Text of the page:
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A show about giants that lives up to its gimmick, mostly.

Reviewing the first thirteen episodes of Attack on Titan (which is what makes up Part 1 of the Blu-Ray/DVD combo on offer from FUNimation) isn’t easy for me. As a single set, it plays out unevenly and ends pretty frustratingly, finally pulling back to reveal the fact that what you’ve just watched is merely the first page of the preface of a much larger story. It’s not done in a way that I would call pleasurable to watch; the front half of the set is so overloaded with thrills that the second half feels almost mummified in the success of the prior episodes.

What I’m hinting at is... it gets a bit boring.

But as an anime, I actually think that Attack on Titan is quite wonderful. Were we to spend too much time criticizing the way the creative team here loses hold of the momentum they gain early on, we might forget how wonderful that first ride actually felt, which would be nothing short of criminal. Not to mention that the animation is interesting (even when you can feel the budget stretching), the direction is unique and compelling, and the design is a mix of elements that feels familiar at first, but turns out to be incredibly new.

Giants, am I right? Who knew how cool giants could be! And the way characters travel--a sort of auto-zip-lining that is usually done with a sword in at least one hand--it’s just so damned cool.

Set in an alternate timeline, in a period that feels like the 18th Century--or somewhere thereabouts--Attack on Titan is the story of the last remaining human outpost on Earth, so we think. It’s surrounded by tall stone walls, and besieged by mindless giants who show up without warning to snatch up our human heroes and gobble them down by the handful. If all this sounds like something out of a Brothers Grimm fairy tale, well, yeah, it does. The visuals even have a rustic, bavarian feel, with the lead character, Eren Jaegar, constantly flashing back to a childhood that might take place in Hyrule, if you only squint a little.

But things that start sunny go dark rather quickly. Things take a turn and what follows is, by and large, soaked in a sense of foreboding and horror that never lets up, but also never really veers into camp.

Attack on Titan has no desire to give you a chuckle. It makes Death Note, which gets a shout-out on the front of the show’s packaging, seem like a sit-com in comparison. But it’s horror done well; the stakes are established early on, as lead characters see their family and friends brutally dispatched before their eyes, and then the show moves on without lingering as much as you might expect. It’s all pretty riveting to watch, without feeling gratuitous or salacious...relative to the rest of anime landscape, that is. People are still routinely ripped to pieces, and one shot of a corpse-filled giant’s stomach is especially affecting.

Like every modern mainstream release, you’ve got your choice of subbed or dubbed if you pick up this set. They’re actually quite different; the subtitles are more concise and straightforward, while the dubbing script tries to get a bit fancier--but comes off feeling awkward and cumbersome. Should you want to use this to show a friend how cool anime is, you’d better hope they’ve caught on before the narrative shifts focus from Eren to his friend Armin, the nerdy sidekick character. Armin is at first shy, nervous, and easily damaged by seeing battle up close. For some reason, this means that he has to convey panic by speaking like a robot, and he produces dialogue that is completely at odds with the persona he comes out of.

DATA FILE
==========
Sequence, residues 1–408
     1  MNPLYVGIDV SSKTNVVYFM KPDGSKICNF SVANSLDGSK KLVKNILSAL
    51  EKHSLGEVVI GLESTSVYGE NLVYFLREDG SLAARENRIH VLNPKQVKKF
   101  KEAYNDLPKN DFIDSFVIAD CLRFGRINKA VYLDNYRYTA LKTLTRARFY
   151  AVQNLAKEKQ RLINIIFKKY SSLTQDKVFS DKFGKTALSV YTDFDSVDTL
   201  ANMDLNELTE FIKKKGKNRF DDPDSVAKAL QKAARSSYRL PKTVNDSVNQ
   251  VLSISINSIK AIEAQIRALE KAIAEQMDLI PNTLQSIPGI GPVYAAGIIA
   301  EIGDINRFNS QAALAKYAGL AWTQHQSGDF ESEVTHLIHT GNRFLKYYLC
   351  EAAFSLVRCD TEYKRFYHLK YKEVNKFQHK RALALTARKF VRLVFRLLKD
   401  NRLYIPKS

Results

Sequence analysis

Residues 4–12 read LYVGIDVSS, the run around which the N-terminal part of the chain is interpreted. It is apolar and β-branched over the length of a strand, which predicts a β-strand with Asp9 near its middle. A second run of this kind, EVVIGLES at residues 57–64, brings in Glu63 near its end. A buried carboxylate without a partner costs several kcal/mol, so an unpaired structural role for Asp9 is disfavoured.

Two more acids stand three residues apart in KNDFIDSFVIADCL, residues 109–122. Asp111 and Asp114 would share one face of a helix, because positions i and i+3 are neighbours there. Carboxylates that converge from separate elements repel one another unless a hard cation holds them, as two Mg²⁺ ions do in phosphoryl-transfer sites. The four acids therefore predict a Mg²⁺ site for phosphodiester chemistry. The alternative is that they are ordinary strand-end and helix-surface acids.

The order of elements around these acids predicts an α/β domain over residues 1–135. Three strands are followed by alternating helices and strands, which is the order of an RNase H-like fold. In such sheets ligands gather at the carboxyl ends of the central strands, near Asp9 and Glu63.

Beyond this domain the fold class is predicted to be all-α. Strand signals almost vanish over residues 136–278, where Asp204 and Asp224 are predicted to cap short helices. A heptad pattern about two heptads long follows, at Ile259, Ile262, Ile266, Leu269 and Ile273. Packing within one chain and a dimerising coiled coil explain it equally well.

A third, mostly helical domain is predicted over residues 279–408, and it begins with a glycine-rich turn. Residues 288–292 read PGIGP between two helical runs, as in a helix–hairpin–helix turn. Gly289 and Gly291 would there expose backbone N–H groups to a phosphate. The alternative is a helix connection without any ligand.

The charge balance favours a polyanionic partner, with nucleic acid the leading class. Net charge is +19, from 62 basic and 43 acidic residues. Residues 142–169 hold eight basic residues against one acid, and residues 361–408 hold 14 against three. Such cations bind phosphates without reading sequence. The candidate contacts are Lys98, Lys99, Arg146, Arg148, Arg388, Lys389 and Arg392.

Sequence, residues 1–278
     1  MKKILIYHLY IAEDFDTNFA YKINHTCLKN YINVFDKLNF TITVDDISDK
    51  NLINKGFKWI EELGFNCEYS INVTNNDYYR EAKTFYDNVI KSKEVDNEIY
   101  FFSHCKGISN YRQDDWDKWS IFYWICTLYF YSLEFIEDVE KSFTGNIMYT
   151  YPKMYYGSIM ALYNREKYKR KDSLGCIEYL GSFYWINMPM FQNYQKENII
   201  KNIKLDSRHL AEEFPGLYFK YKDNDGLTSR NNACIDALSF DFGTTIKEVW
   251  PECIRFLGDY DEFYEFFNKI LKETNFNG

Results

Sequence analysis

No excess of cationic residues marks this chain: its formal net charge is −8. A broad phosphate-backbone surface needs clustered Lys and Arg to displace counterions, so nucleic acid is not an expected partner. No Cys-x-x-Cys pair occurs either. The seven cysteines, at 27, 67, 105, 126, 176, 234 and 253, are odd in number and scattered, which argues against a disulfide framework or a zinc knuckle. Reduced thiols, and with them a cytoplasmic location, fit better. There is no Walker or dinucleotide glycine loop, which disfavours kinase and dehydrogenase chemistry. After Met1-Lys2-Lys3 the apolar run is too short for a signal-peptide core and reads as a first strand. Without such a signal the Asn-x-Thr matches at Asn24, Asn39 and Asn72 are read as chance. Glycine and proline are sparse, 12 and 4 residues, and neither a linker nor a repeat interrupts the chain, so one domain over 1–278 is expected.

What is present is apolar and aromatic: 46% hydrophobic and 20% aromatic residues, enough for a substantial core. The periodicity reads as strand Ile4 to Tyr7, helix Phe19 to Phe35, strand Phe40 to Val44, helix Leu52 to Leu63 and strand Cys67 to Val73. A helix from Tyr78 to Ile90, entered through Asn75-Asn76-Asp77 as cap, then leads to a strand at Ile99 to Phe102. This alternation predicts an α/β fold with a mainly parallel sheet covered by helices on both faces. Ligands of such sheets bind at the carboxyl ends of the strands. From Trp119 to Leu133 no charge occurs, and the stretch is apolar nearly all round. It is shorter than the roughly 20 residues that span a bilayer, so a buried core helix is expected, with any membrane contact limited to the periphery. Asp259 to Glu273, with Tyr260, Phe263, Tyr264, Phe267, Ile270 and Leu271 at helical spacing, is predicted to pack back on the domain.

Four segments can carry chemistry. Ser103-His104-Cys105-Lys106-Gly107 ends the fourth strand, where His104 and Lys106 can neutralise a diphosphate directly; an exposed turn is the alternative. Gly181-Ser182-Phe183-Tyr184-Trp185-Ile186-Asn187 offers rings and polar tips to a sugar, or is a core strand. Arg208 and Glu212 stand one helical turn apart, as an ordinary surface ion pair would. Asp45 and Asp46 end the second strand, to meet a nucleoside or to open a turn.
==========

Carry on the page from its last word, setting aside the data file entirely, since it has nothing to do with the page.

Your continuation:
At one point, Armin concludes a long, dramatic speech in defense of his best friend with this hum-dinger of a line: “For humanity’s glory, in what little time I have left to live, I will advocate his strategic value!” While I imagine it was intended to portray a complicated mix of nerdiness, old-timey earnestness, and soldierly respect--he is addressing a captain or commander of some sort--it ends up just sounding like a mouthful of sounds that aggressively betrays everything about the context of the scene. There are many moments like this where the script feels over-engineered to the point of dishonesty, actively ignoring what is happening in the very sequence it is supposed to be serving.

Some sort of final judgement?

Well, it’s Attack on Titan. It’s your best bet at convincing an uninitiated would-be fan that anime is still a premiere place where creative people are trying interesting, far-out stuff, building compelling universes that demand exploring. The visuals range from cool to jaw-dropping and are more often than not truly inspired. Sometimes it lands with a thud, sure--but you only hear those thuds because it is falls from great heights.

And who says Part 2 won’t be even better?

Alexei Bochenek is a lifelong tech nerd and film buff based in Los Angeles. He writes for various online publications and edits the Los Angeles events website Follow his Twitter: @alexeigb.

Marshal Victoryon June 27, 2014 at 2:37 p.m.

Maybe well odds are I am in the minority here about buying this. I want 1 an 2 at the same time. So either I will wait till 2 comes out or a compilation of both.

takashichea moderator on June 28, 2014 at 5:05 p.m.

To me, it's always better to get the whole collection of episodes. For marketing, they like to do piece meal to maximize profits. When I heard Kill la Kill English Dub was going to sold in 4 episodes a piece, it's crazy.

For the anime, it was a thrilling ride. It's much better to marathon the anime than waiting and watching it each week during its original run. The pacing gets slow down where it gets painfully boring.

Dig Deeper into Attack on Titan

Humanity fights for the survival of their very race against the gigantic humanoid Titans

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